Sticky rice and sunrises
Like she does every morning, Vai wakes up at 5am, just before the sun appears from behind the lush, green mountains that surround her village. She climbs down the stairs of her one-room bamboo hut which she lives in with her parents and siblings. Just outside the house she fetches some fresh water from the tap-operated supply. Her family uses it for drinking, washing their hands and cooking rice. Conscious of the time, she moves quickly, getting everything ready before her parents go off to work in the rice field and she goes to school. She’s careful not to carry too much water, so it doesn’t hurt her shoulders and she can carry it back inside to soak the rice. Once soaked, she piles the rice into a steamer on a small fire. Flumes of steam pour out of the steamer, a stunning image for anyone new to the morning ritual – for Vai, it’s just a usual morning. She turns around and says, “my mother taught me how to make sticky rice. She is very good at it.” Her mother, sitting in the corner, watching, proudly nods her head.
Sponsorship means a world of difference for Vai. She receives letters from France, a powerful connection to a world outside her own. But sponsorship means so much more than correspondence by letter. Thanks to the support of sponsors of her community, she is learning about hygiene at school – things like washing her hands properly before and after eating food; brushing her teeth and washing her face. She has been given materials to help her learn like pens, a school bag, and a water bottle which she can fill up before class. She’s even learnt a song about hygiene, which she loves so much she’s written it out on a big piece of paper and stuck it up on her wall at home. She sings it with a beautiful and quiet voice that fills the room. The sun has finally risen, painting pink and purple streaks across the sky. Vai is ready for school.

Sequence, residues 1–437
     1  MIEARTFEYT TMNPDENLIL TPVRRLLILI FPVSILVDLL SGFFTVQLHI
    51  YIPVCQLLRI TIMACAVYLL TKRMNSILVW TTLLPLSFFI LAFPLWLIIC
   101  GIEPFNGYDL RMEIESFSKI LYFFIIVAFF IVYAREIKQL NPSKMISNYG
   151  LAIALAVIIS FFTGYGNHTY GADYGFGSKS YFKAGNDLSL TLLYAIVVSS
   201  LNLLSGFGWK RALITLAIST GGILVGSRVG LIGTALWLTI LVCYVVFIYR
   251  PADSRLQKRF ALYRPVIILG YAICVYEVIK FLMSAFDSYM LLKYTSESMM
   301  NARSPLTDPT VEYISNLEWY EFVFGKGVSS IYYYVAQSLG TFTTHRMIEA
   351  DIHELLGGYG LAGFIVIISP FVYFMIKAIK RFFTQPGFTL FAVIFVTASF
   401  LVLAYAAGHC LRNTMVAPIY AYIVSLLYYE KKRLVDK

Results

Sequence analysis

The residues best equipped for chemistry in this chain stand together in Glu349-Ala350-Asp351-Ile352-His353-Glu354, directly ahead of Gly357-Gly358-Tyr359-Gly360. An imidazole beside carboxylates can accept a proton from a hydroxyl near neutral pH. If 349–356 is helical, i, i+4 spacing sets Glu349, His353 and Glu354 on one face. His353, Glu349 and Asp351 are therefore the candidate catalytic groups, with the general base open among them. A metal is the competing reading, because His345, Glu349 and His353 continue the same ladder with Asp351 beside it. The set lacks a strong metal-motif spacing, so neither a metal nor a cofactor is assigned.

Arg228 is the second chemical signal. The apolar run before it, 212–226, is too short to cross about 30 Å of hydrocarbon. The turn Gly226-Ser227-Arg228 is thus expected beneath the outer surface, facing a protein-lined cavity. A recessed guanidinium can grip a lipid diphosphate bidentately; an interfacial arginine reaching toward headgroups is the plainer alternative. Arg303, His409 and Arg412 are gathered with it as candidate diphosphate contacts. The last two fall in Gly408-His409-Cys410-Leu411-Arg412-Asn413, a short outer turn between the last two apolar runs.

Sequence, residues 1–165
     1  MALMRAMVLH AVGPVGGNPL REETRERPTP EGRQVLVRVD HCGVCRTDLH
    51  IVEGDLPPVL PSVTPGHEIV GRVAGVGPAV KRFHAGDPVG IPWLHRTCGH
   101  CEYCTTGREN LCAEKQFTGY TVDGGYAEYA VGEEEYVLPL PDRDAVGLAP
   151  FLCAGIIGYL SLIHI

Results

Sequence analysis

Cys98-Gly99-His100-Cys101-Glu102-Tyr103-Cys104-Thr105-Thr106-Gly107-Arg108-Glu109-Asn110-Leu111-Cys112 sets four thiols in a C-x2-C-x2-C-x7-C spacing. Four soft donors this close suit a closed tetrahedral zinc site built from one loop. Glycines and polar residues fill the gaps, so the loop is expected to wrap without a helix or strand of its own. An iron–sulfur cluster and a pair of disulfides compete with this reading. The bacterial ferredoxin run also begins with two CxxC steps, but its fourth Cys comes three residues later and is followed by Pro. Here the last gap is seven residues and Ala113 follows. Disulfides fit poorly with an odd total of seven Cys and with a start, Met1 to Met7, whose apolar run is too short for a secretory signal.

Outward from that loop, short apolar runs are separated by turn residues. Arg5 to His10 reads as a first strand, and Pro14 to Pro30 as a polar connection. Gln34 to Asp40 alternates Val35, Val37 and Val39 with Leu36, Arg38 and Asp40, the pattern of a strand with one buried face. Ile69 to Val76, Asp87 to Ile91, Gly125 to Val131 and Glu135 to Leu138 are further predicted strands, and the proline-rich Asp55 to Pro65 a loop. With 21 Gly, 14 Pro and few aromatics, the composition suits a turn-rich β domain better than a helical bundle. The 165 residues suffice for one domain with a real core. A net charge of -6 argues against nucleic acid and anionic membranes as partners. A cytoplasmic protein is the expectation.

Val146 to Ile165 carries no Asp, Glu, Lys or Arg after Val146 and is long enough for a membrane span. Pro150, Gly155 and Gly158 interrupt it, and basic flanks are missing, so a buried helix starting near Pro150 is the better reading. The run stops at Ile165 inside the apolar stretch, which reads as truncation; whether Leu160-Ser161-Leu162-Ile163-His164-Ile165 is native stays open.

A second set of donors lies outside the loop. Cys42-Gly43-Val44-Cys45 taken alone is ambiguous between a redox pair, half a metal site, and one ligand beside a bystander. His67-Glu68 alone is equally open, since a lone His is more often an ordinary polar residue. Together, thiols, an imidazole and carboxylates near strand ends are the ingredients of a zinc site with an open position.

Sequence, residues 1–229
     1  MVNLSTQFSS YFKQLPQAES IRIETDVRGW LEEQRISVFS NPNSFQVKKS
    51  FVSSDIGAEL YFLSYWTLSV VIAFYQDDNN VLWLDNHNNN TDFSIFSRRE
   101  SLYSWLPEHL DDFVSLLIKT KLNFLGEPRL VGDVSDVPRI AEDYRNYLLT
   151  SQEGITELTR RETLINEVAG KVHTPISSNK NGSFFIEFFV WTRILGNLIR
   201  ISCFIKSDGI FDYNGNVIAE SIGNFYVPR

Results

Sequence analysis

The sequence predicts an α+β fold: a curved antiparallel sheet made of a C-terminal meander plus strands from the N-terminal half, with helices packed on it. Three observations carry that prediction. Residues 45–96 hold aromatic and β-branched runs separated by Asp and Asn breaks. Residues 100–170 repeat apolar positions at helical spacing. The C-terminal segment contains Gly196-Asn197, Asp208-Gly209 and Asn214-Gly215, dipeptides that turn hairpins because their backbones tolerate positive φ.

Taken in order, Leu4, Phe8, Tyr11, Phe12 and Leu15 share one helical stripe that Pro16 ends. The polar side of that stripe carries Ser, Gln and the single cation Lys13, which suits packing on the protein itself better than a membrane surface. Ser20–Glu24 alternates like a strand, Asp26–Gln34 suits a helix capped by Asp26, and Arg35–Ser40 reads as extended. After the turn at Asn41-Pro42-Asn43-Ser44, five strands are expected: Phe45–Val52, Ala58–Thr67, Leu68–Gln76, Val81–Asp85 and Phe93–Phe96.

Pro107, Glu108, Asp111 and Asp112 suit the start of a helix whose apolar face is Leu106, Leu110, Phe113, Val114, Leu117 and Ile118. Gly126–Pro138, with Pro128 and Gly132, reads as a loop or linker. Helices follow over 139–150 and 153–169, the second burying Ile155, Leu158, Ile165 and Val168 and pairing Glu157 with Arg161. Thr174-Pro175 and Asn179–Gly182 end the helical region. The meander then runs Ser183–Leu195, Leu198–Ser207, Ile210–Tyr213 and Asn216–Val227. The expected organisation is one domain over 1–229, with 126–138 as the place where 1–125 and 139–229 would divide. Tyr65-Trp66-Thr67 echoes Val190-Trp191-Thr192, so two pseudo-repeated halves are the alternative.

“I always visit the toilet, wash my hands with soap, wash my clothes, take a bath, brush my teeth, wash my hair, clean my house, and wash dishes and keep the environment clean.”
The power of sponsorship
Children sponsored in Vai’s village receive letters from their sponsors all over the world. Because of their support, all children and their families benefit from projects that improve quality of education, water and sanitation. You can sponsor a child in Laos, or in many other countries, and help entire communities lift themselves out of poverty.
Vai knows she needs to focus on schoolwork to achieve her dreams. “I want to be a teacher,” she says. She would like to teach other students the hygiene song and help her community.
Want to help entire communities, and have a powerful connection with a child like Vai? Sign up to be a sponsor today.